Peer groups splitting in Croatian EQA scheme: a trade-off between homogeneity and sample size number

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Abstract

Background:

Laboratory evaluation through external quality assessment (EQA) schemes is often performed as ‘peer group’ comparison under the assumption that matrix effects influence the comparisons between results of different methods, for analytes where no commutable materials with reference value assignment are available. With EQA schemes that are not large but have many available instruments and reagent options for same analyte, homogenous peer groups must be created with adequate number of results to enable satisfactory statistical evaluation. We proposed a multivariate analysis of variance (MANOVA)-based test to evaluate heterogeneity of peer groups within the Croatian EQA biochemistry scheme and identify groups where further splitting might improve laboratory evaluation.

Methods:

EQA biochemistry results were divided according to instruments used per analyte and the MANOVA test was used to verify statistically significant differences between subgroups. The number of samples was determined by sample size calculation ensuring a power of 90% and allowing the false flagging rate to increase not more than 5%. When statistically significant differences between subgroups were found, clear improvement of laboratory evaluation was assessed before splitting groups.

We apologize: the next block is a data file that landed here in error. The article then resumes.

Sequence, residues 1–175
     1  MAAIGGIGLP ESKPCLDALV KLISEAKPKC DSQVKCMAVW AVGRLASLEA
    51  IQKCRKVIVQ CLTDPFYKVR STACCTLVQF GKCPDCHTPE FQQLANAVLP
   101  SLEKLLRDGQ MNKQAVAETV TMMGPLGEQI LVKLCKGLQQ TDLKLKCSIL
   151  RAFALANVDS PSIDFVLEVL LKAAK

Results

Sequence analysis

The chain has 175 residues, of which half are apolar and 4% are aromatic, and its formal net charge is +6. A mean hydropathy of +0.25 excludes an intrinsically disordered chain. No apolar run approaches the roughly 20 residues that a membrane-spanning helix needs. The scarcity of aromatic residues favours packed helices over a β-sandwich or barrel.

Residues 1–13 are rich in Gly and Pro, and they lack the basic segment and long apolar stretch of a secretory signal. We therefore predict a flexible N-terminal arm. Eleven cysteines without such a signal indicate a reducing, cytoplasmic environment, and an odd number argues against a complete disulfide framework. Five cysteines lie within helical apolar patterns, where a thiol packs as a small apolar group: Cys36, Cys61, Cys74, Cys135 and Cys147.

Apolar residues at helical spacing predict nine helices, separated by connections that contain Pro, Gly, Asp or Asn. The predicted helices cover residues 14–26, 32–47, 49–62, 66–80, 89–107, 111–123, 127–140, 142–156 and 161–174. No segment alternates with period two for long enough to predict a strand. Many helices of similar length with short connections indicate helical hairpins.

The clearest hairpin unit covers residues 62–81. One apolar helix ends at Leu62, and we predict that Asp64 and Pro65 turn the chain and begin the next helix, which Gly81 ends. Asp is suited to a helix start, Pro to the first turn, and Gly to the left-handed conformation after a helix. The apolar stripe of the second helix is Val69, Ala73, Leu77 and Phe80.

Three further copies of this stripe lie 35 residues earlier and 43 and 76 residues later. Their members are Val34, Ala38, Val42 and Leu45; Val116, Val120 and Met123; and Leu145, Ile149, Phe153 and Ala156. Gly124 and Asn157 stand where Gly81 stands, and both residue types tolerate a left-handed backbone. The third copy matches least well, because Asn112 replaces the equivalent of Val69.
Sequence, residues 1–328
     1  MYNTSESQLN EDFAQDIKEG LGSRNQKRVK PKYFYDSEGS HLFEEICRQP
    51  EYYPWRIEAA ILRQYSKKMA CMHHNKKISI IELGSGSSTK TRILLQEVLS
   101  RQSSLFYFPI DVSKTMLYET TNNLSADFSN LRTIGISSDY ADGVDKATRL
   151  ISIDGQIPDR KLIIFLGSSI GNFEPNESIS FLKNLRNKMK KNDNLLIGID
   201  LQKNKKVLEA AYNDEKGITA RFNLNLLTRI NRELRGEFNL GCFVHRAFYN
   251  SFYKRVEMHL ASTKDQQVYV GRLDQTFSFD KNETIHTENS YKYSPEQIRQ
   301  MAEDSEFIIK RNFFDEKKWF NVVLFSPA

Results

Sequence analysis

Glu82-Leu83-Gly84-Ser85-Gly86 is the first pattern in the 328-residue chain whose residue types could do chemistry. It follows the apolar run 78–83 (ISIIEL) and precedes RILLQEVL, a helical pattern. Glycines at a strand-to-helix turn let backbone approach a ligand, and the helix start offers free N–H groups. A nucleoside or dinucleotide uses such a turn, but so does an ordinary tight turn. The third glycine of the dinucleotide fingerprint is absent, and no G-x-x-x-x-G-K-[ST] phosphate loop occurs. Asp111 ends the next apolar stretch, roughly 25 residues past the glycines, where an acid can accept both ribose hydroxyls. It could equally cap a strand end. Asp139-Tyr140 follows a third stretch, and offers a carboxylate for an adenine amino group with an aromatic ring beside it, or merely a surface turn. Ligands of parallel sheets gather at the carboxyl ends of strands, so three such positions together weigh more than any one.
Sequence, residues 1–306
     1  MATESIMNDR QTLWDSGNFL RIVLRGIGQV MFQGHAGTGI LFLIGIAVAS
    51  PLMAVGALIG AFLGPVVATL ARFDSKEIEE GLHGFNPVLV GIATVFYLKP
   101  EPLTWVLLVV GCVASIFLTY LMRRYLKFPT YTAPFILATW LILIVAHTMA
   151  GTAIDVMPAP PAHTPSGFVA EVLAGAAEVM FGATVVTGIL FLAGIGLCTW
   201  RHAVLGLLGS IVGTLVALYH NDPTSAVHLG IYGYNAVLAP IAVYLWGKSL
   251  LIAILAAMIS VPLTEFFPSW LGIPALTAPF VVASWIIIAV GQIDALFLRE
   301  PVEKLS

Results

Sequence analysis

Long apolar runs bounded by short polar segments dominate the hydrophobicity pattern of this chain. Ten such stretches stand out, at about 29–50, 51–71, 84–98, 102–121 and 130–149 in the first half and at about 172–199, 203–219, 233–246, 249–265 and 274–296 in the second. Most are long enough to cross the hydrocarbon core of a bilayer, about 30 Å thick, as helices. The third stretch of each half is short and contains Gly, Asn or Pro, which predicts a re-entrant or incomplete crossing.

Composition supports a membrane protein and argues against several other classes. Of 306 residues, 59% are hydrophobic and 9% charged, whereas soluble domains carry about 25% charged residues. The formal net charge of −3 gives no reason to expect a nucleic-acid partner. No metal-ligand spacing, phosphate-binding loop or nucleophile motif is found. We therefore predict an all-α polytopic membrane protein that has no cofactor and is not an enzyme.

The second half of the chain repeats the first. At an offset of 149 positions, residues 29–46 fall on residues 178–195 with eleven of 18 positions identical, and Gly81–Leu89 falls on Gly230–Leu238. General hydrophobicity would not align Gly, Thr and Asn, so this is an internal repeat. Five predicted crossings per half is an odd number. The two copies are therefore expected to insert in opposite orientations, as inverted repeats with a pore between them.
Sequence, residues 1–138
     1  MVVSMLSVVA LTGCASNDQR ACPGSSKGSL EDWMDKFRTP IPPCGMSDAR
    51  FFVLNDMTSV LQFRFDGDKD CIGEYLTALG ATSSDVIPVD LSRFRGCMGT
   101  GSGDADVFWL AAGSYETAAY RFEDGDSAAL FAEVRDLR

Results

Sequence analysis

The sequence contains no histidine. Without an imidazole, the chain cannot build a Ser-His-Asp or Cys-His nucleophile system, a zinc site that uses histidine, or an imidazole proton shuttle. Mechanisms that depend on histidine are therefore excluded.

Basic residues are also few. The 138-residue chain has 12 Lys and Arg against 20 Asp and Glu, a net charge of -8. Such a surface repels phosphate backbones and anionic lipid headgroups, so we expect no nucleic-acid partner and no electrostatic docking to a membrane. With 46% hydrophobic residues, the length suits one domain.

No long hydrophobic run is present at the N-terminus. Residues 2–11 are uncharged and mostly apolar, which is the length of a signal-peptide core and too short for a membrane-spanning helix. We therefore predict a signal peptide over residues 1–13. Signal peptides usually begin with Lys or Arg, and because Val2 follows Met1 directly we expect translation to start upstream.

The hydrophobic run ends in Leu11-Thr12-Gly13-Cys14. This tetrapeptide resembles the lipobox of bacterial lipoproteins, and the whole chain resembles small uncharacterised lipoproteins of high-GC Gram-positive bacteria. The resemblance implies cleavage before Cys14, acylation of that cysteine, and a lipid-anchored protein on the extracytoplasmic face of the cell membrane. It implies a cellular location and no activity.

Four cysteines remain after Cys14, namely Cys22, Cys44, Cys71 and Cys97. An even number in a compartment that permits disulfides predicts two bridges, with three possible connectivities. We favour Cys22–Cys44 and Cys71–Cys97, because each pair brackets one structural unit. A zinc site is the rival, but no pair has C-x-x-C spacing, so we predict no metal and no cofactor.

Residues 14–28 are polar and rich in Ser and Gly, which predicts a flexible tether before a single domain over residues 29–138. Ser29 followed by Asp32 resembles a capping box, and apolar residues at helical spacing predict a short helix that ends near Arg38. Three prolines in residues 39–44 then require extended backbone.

Results:

After evaluating 29 peer groups, we found strong evidence for further splitting of six groups. Overall improvement of 6% reported results were observed, with the percentage being as high as 27.4% for one particular method.

Conclusions:

Defining maximal allowable differences between subgroups based on flagging rate change, followed by sample size planning and MANOVA, identifies heterogeneous peer groups where further splitting improves laboratory evaluation and enables continuous monitoring for peer group heterogeneity within EQA schemes.

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